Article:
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NCDMB, Rungas to establish cooking gas cylinder plant in Bayelsa

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Nobody should own cooking gas cylinders, FG insistsBy Michael Eboh

The Nigerian Content Development and Monitoring Board, NCDMB, yesterday, said it has entered into partnership with Rungas Prime Industries Limited to establish a 400,000 cooking gas cylinders per annum manufacturing plant in Polaku, Bayelsa State.

In a statement in Abuja, Executive Secretary of the NCDMB, Engr. Simbi Wabote, stated that the factory would produce Type 3 Liquefied Petroleum Gas, LPG, composite cylinder.

Wabote added that the NCDMB was keen for the project to start immediately, due to the fact that it would create employment opportunities for youths from the state and environs.

He stated that groundbreaking ceremony for the cooking gas cylinders manufacturing facility would be performed in a few weeks by the Minister of State for Petroleum Resources, Chief Timipre Sylva.

Another strong motivation for the facility, according to Wabote, was the direct linkage to one of Sylva’s operational priorities, which was the penetration and utilisation of liquefied petroleum gas, also known as cooking gas, by Nigerians.

The expressed optimism that the project would generate up to 200 direct and indirect jobs during construction phase and about 350 direct and indirect jobs during the full operations phase, in addition to other induced employment and economic activities.

Wabote revealed that from the 10.6 hectares of land the NCDMB purchased at Polaku, Rungas had been allocated two hectares for the establishment of the factory, adding that NCDMB had allotted another hectare of the Polaku land to a gas distribution company for the construction of a Pressure Reduction and Metering Station.

He said,”This is meant to supply gas to upcoming industries in Polaku, Gbarain, and other surrounding areas to the distribution of domestic gas for power generation and for other industrial uses.”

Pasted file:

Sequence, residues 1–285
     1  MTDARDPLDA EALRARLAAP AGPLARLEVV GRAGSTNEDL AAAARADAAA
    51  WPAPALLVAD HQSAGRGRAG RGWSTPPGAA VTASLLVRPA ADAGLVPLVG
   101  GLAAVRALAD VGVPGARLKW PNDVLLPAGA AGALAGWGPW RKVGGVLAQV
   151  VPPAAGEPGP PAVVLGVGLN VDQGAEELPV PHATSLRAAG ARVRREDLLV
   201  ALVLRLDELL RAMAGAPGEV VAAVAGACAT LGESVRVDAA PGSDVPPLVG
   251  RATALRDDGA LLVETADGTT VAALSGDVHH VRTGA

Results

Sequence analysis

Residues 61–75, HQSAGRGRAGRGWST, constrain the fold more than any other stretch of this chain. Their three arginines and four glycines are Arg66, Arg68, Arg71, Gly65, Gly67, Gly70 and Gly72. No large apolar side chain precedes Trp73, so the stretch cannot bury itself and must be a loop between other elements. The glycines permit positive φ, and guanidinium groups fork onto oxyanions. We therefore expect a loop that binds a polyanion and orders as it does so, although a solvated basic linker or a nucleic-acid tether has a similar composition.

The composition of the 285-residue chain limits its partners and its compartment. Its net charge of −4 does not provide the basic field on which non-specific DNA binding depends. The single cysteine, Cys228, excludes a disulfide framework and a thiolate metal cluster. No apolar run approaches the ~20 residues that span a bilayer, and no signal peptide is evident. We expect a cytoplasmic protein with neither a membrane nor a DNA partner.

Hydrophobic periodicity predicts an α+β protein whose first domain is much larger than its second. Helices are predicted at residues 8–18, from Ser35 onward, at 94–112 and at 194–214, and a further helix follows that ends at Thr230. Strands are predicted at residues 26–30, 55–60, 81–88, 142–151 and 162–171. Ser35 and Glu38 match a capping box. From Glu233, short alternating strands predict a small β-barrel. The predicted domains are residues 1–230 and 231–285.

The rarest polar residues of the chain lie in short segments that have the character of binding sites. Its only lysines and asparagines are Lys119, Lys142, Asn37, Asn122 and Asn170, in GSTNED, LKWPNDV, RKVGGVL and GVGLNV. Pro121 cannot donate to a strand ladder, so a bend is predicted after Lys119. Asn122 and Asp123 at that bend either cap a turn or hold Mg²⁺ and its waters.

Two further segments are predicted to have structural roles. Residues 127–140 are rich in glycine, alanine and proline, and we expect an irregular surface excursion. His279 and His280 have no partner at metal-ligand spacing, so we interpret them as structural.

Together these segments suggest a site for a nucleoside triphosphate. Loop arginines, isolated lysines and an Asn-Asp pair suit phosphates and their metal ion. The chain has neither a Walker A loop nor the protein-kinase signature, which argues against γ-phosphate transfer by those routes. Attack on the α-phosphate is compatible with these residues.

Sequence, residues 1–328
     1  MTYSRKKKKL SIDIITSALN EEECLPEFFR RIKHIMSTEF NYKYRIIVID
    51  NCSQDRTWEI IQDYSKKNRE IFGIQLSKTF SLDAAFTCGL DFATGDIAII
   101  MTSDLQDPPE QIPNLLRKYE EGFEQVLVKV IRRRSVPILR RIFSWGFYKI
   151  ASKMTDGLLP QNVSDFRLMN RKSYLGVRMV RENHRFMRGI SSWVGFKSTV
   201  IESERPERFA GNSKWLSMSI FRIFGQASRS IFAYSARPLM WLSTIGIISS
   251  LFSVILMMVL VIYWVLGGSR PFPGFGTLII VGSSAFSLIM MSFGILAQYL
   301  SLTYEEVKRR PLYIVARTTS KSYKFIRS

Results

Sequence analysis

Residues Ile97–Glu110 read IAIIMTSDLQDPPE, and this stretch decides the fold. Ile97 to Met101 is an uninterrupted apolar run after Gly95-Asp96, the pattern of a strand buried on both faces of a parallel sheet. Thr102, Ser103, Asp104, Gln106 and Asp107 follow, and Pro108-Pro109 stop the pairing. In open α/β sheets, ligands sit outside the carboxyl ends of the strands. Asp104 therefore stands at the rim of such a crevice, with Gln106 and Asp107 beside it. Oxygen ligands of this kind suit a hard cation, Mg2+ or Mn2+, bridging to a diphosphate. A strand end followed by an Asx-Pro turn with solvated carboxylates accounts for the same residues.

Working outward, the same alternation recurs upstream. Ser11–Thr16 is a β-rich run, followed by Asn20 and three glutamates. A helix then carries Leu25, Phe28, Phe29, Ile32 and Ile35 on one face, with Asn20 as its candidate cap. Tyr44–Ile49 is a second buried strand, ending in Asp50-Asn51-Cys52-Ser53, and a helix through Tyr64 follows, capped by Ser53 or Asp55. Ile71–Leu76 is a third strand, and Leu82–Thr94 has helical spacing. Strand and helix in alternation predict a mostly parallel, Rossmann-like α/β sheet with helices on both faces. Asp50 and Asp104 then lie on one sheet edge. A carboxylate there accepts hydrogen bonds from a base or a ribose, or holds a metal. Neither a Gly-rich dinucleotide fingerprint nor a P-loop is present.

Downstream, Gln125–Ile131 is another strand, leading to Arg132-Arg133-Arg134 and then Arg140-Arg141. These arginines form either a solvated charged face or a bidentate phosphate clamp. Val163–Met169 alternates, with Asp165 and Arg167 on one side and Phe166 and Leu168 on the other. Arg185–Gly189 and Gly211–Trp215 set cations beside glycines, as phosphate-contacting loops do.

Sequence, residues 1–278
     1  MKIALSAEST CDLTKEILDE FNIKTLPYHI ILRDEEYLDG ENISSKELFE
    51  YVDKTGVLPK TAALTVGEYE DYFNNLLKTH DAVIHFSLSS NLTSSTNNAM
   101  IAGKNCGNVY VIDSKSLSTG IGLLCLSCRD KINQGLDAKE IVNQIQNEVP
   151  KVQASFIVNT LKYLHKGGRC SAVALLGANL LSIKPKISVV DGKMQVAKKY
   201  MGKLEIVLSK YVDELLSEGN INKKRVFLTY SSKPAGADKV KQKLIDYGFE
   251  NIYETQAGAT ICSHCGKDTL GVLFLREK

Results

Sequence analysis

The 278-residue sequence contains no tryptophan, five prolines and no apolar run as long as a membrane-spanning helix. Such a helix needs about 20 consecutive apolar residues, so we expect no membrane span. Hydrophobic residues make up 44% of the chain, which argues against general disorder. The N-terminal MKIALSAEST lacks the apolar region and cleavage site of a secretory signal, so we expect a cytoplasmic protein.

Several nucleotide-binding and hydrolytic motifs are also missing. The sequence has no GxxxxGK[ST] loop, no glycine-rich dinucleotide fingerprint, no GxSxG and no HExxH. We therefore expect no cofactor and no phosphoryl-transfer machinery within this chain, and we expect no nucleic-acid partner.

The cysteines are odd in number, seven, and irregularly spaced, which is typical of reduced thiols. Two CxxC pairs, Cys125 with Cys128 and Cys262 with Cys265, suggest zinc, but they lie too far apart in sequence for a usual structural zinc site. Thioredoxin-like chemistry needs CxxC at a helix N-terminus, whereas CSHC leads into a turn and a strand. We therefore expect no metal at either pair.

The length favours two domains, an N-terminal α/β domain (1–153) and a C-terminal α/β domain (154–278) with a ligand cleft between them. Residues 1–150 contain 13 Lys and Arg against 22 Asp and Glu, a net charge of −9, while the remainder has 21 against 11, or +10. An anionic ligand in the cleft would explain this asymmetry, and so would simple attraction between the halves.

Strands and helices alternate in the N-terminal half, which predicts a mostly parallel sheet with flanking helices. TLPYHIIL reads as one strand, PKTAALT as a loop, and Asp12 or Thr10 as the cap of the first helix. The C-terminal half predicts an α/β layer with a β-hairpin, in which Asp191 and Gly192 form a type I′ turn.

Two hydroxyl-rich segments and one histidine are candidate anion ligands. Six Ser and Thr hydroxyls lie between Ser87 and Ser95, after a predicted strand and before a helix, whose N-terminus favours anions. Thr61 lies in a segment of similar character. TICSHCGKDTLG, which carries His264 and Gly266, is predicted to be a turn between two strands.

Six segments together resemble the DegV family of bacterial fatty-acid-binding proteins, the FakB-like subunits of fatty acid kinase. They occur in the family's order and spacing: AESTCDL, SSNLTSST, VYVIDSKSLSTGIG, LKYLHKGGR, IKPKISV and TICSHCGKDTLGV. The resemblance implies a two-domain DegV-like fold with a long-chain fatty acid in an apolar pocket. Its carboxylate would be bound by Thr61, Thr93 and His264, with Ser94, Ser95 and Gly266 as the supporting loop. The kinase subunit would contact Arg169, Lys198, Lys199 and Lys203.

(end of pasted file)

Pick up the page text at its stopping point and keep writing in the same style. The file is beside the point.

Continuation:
The NCDMB boss explained that the NCDMB had purchased 10.6 hectares of land at Polaku in June 2013 for the purpose of establishing a pipemill, adding that discussions with Yulong Pipemill of China and other investors did not yield expected results, leaving the land to lie fallow for almost seven years.

He maintained that the Board changed its strategy after experiencing long delays in getting investors for the planned pipemill, adding that the new strategy would ensure utilisation of the site and bring manufacturing outfits to the area for creation of jobs and increase in economic activities.

Wabote hinted that NCDMB was also in discussion with other investors to take up the remaining portions of the Polaku land, adding that the NCDMB would allocate the land to as many companies as possible for the setting up of viable businesses until the land is fully allocated.

He explained that the NCDMB’s partnership with investors was in line with its vision to serve as a catalyst for the industrialisation of the Nigerian oil and gas industry.

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Identifying reasons why Yulong Pipemill did not continue with the pipemill project, Wabote said the company had concerns about security, cooperation from the host community and return on their investment, especially after the crash of crude oil prices in the international market.

He noted that the company moved to Lekki Free Zone in Lagos and set up the pipemill within six months in 2016.

He charged the Polaku chiefs and leaders to support the new investment because it will place their community on the map of oil and gas manufacturing activities and provide job opportunities for their children.

“Your roles should include checkmating any individual or group that wants to derail this wonderful opportunity from coming into fruition in your community,” he advised.

He also promised that the Board would set up a community interface committee that would comprise representatives of the community, the investor and NCDMB, with responsibilities
to ensure community participation in the project, enhance cordial relationship and promote compliance with the Community Content elements of the project.

He however warned that the Board would move the investment to another location if the Polaku community became difficult, uncooperative or unreceptive.

Vanguard

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